The best stability running shoes aim to provide support to promote a more neutral alignment if your feet roll inwards when you run. Pronation, as this condition is often referred to, can cause knee pain and general discomfort, but a stability shoe can reduce this inward roll of the foot, relieving pain in not just your knees but your ankles, shins and hips too.
Stability running shoes use several different approaches to correct running form. They may use guide rails, posts or bars to build up the inside of the midsole in each shoe to steer your feet into a more efficient position.
Traditionally, support shoes relied on maximum cushioning, but new technology has evolved to be more holistic and adapt to your unique gait. Saying this, cushioning itself is not bad for your knees. If you suffer from knee pain, it’s worth looking at several factors.
Do your current footwear, even if they are the best running shoes for neutral runners, have enough cushioning? Is the heel-to-toe drop (offset) the best for your gait? Do you have any weaknesses in your quads, hamstrings, glutes, or calves that lead to putting more stress through your knees...or an imbalance in the strength of your legs compared to one another?
The best way to answer all these questions is to get your running gait checked at a local specialist running shop, then try on a couple of different types of shoes to narrow down which model is suitable for you the most. The wrong running shoes may lead to pain. Each runner has its unique build and style of movement, meaning that what works for your running buddy may not work for your motion path.
For even more running shoe goodness, check out our thematic guides, including the best running shoes for women, best trail running shoes, best Nike running shoes and best Brooks running shoes roundups. We also have a brand new guide dedicated to the best waterproof running shoes.
Best stability running shoes to buy right now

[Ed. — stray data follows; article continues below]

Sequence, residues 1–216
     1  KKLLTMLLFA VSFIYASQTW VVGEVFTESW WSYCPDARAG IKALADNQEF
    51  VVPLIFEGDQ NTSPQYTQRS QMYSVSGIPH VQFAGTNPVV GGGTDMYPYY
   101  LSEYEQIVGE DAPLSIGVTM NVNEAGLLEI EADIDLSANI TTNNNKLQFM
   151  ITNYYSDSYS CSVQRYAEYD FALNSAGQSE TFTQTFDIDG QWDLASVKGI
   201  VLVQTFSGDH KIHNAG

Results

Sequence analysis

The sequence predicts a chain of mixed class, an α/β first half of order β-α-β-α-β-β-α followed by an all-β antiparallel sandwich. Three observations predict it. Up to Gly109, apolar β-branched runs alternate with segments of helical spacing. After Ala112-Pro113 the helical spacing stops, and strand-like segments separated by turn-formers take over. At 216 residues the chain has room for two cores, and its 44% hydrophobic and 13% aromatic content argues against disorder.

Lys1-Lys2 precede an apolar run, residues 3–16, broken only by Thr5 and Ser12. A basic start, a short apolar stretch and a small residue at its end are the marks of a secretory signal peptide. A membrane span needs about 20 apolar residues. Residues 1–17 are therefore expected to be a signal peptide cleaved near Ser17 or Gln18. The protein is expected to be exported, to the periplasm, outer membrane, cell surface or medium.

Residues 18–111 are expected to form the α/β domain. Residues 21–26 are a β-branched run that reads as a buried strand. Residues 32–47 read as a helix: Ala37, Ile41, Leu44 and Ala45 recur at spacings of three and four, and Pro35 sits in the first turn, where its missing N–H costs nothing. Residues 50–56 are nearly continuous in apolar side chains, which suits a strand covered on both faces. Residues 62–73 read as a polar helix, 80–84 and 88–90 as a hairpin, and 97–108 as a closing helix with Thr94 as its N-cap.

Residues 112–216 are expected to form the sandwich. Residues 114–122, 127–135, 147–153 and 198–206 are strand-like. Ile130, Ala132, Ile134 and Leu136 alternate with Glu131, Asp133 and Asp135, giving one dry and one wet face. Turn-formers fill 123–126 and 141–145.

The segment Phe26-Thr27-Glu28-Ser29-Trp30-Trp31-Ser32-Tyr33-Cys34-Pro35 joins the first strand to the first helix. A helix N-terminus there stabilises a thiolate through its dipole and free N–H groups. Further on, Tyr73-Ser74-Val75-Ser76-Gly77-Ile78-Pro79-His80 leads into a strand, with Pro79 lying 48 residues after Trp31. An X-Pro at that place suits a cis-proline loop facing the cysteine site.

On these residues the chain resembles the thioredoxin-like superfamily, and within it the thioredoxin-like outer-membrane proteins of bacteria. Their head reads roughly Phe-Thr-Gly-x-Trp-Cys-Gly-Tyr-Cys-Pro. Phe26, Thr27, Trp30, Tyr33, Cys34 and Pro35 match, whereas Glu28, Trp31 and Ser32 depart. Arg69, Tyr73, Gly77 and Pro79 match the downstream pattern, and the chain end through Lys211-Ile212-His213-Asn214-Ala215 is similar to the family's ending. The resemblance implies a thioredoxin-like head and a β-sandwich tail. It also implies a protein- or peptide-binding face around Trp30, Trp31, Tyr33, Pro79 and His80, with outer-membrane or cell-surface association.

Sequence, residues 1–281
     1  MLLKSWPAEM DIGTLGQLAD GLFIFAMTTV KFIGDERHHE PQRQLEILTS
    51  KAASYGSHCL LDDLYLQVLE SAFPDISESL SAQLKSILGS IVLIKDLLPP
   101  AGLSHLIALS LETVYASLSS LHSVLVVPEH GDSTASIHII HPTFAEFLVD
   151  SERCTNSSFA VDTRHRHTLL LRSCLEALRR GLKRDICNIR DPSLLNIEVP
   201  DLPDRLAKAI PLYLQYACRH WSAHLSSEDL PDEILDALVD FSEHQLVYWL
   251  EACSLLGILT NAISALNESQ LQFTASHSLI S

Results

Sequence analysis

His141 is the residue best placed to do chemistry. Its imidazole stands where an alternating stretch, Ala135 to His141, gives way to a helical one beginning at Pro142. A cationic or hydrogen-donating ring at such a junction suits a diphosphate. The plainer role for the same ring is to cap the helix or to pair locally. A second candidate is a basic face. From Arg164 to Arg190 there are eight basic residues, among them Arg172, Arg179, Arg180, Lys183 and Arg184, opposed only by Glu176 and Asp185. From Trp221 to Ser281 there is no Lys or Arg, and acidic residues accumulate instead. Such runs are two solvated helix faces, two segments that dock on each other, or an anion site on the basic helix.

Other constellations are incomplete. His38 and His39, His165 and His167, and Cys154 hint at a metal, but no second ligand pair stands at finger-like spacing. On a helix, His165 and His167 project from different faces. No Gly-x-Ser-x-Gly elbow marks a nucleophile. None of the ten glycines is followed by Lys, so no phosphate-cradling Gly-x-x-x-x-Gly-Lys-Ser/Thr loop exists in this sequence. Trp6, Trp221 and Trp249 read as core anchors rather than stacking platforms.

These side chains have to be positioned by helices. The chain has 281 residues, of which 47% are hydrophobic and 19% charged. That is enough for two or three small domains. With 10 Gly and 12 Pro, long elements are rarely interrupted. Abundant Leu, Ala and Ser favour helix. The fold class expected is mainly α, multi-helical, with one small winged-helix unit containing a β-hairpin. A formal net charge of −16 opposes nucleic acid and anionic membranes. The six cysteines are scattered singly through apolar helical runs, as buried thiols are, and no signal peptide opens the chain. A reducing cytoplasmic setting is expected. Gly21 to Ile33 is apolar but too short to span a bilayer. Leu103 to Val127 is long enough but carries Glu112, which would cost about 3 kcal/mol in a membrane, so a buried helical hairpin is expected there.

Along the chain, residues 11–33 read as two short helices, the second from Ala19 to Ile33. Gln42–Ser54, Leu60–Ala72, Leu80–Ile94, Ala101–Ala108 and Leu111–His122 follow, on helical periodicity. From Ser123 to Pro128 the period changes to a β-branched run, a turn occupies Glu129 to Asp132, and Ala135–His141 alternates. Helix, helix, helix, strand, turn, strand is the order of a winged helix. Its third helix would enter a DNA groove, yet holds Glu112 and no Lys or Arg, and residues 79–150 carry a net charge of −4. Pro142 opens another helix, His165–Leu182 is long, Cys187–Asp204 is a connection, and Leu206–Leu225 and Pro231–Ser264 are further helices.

The ASICS revamped its Gel-Kayano series for the 29th iteration. The Gel-Kayano 29 features a lightweight design, an engineered stretch-knit upper for more breathability, and the FF BLAST PLUS cushioning for a more responsive running experience.
Thanks to the LITETRUSS construction, the Gel-Kayano 29 also offers more stability than before, making the shoes the perfect option for runners with overpronation. This system is said to 'guide the foot through the gait for a more efficient toe-off', and based on our tests; it does just that!
The shoes pack a lot of tech – like most ASICS shoes – that includes rearfoot GEL for shock absorption, Ortholite X-55 sockliner/insole for comfort, and '3D Space Construction' for improved compression at footstrike.
Read our full ASICS Gel-Kayano 29 review
Brooks’ GuideRails are a genius invention and really set these shoes apart from all the others in this category. The GuideRails aim to keep excessive movement in the ankle in check, providing added support and contribute to what feels like a made-for-you experience. You’re getting the support you need without realising it.
Everything about this shoe is well designed though, the upper is snug, allows your foot to breathe and retains that plush fit that you expect from Brooks. This all contributes to making your longer runs feel easy; you can even look down as you run and see how well the inside of your ankle is being held in place on ground contact.
These felt like the most ‘intuitive’ shoe and win the prize for feeling the most stable on wet paths when you’re running around a corner.
The latest iteration of Saucony Guide is a genuinely comfortable support running shoe. It's lighter than its predecessor thanks to the softer PWRRUN foam and the new HOLLOW-TECH that guides your stride "without added bulk", Saucony explains.
The Guide 15 also features a new midsole geometry, improved flexibility in the forefoot and more underfoot contouring that lets you sit deeper into the footbed. Saucony tweaked the FORMFIT design, too, which now addresses every point of contact with your foot, going "well beyond lacing to ensure a personalised fit and feel, top to bottom."